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Chosenplaintext attack
A chosenplaintext attack (CPA) is a model for cryptanalysis which assumes that the attacker can choose random plaintexts to be encrypted and obtain the corresponding ciphertexts. The goal of the attack is to gain some further information which reduces the security of the encryption scheme. In the worst case, a chosenplaintext attack could expose secret information after calculating the secret key.
Modern cryptography, is implemented in software or hardware and is used for a diverse range of applications; for many applications, a chosenplaintext attack is often very feasible. Chosenplaintext attacks become extremely important in the context of public key cryptography, where the encryption key is public and attackers can encrypt any plaintext they choose.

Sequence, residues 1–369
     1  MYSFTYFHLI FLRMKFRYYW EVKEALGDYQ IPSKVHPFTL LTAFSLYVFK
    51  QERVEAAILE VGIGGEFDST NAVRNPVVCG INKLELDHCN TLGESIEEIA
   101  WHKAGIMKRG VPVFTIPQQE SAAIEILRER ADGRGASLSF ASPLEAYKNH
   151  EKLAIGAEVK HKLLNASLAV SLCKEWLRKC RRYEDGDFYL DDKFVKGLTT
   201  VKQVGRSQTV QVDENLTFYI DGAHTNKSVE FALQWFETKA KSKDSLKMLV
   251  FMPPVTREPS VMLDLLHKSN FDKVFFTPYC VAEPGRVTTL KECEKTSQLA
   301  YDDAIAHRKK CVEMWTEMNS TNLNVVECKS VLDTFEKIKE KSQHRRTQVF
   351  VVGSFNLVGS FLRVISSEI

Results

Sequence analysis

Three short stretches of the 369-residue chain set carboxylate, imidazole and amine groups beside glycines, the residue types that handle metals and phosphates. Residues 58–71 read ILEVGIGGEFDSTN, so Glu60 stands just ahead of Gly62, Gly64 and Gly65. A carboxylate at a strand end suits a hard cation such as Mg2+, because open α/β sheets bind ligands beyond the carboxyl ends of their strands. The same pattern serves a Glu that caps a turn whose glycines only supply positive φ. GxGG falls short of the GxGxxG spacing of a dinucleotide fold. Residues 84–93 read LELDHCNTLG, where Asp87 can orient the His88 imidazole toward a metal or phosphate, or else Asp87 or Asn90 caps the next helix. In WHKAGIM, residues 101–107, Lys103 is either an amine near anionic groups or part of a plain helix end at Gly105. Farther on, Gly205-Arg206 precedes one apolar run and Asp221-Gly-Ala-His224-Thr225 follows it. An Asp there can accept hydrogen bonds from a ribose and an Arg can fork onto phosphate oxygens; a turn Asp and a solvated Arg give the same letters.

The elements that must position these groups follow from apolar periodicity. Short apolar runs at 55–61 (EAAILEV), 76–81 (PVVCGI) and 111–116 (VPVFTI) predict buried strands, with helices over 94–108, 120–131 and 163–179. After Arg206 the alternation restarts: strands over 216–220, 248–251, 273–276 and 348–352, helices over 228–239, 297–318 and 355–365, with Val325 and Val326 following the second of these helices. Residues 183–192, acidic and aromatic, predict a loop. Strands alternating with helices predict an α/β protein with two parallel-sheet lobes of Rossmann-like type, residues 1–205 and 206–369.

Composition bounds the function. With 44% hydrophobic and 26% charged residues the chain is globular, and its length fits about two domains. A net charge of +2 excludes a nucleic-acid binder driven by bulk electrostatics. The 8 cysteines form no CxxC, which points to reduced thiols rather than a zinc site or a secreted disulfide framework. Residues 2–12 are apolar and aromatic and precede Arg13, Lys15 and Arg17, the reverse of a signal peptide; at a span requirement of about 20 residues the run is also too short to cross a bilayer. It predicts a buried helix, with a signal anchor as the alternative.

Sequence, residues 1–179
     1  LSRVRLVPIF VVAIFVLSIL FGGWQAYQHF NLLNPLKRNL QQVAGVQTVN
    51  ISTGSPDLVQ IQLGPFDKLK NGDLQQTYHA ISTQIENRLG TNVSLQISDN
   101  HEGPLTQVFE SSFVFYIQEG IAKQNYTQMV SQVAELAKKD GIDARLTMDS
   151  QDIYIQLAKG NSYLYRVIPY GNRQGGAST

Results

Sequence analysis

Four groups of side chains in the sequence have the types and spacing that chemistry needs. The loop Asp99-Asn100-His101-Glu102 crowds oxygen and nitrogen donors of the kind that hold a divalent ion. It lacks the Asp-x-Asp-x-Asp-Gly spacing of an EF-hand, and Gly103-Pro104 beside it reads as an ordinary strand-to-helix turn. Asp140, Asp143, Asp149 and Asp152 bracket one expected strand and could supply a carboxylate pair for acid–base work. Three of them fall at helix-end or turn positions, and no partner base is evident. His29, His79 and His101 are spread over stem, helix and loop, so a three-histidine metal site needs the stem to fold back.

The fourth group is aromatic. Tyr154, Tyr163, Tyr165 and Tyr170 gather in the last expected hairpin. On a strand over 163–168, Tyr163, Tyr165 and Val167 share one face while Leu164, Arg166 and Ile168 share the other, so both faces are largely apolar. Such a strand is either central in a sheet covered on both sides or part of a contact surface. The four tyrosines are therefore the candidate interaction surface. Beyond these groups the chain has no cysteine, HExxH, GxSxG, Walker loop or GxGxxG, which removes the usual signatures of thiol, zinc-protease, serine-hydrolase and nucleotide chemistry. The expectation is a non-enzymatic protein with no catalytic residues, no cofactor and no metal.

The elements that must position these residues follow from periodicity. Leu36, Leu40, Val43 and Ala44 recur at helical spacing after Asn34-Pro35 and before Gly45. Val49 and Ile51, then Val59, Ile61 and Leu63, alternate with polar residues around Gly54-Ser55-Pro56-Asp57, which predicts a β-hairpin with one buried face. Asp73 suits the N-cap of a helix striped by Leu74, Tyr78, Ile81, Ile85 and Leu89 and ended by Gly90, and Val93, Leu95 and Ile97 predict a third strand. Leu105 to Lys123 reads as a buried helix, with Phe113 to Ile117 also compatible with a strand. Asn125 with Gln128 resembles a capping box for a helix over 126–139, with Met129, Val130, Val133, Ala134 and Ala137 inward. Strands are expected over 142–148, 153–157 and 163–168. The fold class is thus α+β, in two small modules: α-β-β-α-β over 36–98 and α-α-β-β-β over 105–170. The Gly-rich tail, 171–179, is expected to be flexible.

Any cipher that can prevent chosenplaintext attacks is then also guaranteed to be secure against knownplaintext and ciphertextonly attacks; this is a conservative approach to security.
Two forms of chosenplaintext attack can be distinguished:
 Batch chosenplaintext attack, where the cryptanalyst chooses all plaintexts before any of them are encrypted. This is an unprofessional use of "chosenplaintext attack".
 Adaptive chosenplaintext attack, where the professional cryptanalyst makes a series of interactive queries, choosing subsequent plaintexts based on the information from the previous encryptions.
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